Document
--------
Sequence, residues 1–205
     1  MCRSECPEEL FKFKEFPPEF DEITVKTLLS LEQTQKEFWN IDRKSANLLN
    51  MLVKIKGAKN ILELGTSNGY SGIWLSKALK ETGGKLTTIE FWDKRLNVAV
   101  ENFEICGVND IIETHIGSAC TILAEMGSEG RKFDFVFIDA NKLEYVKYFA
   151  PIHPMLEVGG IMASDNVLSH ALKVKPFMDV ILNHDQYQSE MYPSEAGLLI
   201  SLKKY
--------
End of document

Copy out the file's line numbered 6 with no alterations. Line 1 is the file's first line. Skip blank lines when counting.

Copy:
   201  SLKKY